Penang Hill

Thu 21 Oct 2010 03:21
21st October 2010
Why do I always want to climb the local hill? They loom over you, the 'challenge' (you have to see it from an elderly persons point of view!) seeps under your skin. At school I was a champion tree climber. It cannot have been allowed, but the school grounds were large, and I do not recall ever being caught or reprimanded. What freedoms we enjoyed. The backdrop to this great city is the verdant, frequently cloud topped, Pennang Hill: or 'Flagstaff Hill', or 'Bukit Bendera'. Same difference: 821 metres, but that is still around 3,000 English feet. And it was the British who cleared the first path to the top, quickly appreciating that there was a cooling breeze, and with height, a drop of about 5 degrees C in temperature, at the summit. The early path is preserved: travel was by foot, packhorse, or sedan chair. Now however only shank's pony is permitted, and with fairly regular rain the path is slippery. It was a 5km walk up from the rather splendid Botanical Gardens: themselves an hour's tortuous bus ride from downtown. I encountered several groups of middle aged Malay males, sweating in shorts and running shoes, perhaps enjoying a day's corporate bonding? I slipped once, banging my right thigh, but was otherwise unscathed as I finally emerged from the rainforest at the top of the Funicular, built by the Swiss in 1923, but recently closed down for an overhaul. Breathless and drenched in sweat, I was immediatly attacked by mossies. So a hasty sasparella and an ice cream from the food stall, a quick tour of the Mosque and the Hindu temple, and a photo of the indeed spectacular view accross the city and over to the mainland. Then back down. As it was by now dusk, I chose the 'jeep track': a metalled road open only to resident's vehicles. With the funicular out of action a 4wd business has been set up: £20 a trip to the top, £20 back down. The walk down was agony: hard surface, constant 30% decline, but better scenary than the path up, which was often hemmed in completely by the forrest. Lots of macaques, in families by the roadside, but also up in the trees, where they would swing effortlessly, but with a crashing of twigs and foliage, from the top of a tree one side of the road to a lesser perch opposite. At the bottom, an hours wait at a roadside stall for the bus home. When I had extracated myself from the uncomfortable plastic chair (to which I had become glued by drying sweat), I could barely hobble: this crazy idea of resting soft tissue injuries!!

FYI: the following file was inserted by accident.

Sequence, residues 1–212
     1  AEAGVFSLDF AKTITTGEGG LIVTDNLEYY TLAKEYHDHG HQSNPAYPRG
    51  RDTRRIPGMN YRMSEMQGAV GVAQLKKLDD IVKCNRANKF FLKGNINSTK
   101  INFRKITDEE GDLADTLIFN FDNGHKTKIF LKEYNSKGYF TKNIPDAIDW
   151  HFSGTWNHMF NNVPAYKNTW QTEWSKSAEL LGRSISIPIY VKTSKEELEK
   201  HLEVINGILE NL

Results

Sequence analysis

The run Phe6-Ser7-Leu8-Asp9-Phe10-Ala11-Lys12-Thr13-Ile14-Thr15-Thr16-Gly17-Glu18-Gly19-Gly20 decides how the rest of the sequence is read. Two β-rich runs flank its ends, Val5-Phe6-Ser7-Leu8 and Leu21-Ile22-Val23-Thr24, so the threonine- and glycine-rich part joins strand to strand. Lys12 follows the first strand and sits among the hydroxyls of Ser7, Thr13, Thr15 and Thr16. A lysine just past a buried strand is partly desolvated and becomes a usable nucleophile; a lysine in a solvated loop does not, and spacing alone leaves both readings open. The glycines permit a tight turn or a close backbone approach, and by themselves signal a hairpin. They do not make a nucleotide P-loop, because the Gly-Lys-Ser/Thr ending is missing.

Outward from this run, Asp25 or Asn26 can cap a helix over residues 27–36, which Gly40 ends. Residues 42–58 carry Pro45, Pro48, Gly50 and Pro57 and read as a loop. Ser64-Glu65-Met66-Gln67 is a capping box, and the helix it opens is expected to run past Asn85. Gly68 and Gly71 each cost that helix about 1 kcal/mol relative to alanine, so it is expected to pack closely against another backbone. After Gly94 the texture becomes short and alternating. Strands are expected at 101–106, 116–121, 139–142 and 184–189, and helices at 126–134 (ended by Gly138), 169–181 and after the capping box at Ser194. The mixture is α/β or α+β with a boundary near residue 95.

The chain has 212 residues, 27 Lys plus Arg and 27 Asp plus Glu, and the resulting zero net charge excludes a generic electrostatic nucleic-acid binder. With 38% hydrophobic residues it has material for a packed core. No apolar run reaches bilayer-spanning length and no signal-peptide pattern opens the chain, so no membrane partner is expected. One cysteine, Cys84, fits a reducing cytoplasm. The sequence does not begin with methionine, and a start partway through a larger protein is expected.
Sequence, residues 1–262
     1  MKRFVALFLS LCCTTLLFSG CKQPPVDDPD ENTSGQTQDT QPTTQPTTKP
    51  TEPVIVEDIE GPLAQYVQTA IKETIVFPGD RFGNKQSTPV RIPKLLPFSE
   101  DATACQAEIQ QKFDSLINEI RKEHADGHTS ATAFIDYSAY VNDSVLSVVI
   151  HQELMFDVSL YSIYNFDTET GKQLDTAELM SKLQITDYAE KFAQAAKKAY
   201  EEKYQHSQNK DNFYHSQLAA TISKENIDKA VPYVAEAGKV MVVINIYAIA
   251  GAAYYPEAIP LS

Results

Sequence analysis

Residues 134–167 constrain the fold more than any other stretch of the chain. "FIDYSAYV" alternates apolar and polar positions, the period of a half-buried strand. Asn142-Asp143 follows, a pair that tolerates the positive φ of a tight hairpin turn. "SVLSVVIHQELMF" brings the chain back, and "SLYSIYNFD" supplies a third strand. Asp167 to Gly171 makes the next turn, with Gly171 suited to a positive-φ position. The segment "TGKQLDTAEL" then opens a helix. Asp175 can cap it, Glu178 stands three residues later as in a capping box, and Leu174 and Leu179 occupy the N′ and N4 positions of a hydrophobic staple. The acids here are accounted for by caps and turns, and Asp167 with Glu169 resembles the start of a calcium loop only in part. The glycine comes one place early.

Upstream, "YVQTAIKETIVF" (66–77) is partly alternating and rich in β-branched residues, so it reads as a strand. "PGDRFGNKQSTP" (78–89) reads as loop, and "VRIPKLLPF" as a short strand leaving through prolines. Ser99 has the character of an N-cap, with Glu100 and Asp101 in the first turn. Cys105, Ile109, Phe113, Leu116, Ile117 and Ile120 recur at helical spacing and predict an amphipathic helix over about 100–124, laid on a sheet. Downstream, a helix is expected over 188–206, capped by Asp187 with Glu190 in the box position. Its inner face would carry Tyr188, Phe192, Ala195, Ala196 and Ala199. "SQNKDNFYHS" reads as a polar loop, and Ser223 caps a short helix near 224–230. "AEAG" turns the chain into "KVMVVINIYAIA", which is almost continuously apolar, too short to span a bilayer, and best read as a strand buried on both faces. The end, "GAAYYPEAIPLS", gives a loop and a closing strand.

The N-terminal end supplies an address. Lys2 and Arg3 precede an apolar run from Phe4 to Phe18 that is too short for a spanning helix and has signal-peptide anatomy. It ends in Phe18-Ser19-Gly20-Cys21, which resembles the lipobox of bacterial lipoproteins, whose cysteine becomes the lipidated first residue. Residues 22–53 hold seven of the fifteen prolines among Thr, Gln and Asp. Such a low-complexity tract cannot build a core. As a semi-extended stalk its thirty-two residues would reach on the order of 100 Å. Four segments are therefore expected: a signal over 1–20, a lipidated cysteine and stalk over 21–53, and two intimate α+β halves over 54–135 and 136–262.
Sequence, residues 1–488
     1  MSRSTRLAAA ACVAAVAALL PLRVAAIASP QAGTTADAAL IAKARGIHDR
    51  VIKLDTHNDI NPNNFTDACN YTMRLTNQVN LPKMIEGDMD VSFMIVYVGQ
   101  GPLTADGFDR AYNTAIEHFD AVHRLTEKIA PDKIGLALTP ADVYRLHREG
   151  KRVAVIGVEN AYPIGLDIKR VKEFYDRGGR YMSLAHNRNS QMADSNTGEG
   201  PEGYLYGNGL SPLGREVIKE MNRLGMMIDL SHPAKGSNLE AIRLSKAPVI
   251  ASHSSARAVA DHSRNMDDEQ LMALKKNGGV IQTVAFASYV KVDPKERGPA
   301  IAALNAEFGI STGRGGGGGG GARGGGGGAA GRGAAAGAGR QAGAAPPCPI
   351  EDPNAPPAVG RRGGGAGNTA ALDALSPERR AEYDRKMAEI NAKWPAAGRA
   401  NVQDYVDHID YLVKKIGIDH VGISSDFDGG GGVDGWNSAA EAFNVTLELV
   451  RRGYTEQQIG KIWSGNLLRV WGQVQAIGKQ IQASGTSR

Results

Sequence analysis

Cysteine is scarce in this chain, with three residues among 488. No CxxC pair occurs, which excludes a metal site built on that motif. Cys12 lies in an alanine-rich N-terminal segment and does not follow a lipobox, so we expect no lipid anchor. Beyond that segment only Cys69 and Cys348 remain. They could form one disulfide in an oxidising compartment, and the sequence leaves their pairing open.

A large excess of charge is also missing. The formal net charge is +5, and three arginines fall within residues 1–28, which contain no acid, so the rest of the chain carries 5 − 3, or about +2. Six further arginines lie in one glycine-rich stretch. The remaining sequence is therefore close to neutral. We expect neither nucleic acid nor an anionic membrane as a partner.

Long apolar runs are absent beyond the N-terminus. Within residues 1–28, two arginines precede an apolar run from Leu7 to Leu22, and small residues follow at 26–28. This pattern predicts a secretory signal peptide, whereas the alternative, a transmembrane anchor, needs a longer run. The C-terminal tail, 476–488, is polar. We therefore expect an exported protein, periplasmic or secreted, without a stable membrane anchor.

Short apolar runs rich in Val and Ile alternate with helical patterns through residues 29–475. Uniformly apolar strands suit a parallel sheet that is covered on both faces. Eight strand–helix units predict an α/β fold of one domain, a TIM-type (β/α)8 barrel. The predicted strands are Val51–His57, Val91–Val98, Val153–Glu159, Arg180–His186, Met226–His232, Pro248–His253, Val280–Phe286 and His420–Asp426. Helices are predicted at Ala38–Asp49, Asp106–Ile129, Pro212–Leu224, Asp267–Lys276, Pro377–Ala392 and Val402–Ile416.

Well, that is that then, as T Blair famously said, and I'm off to Langkowi in a few hours time.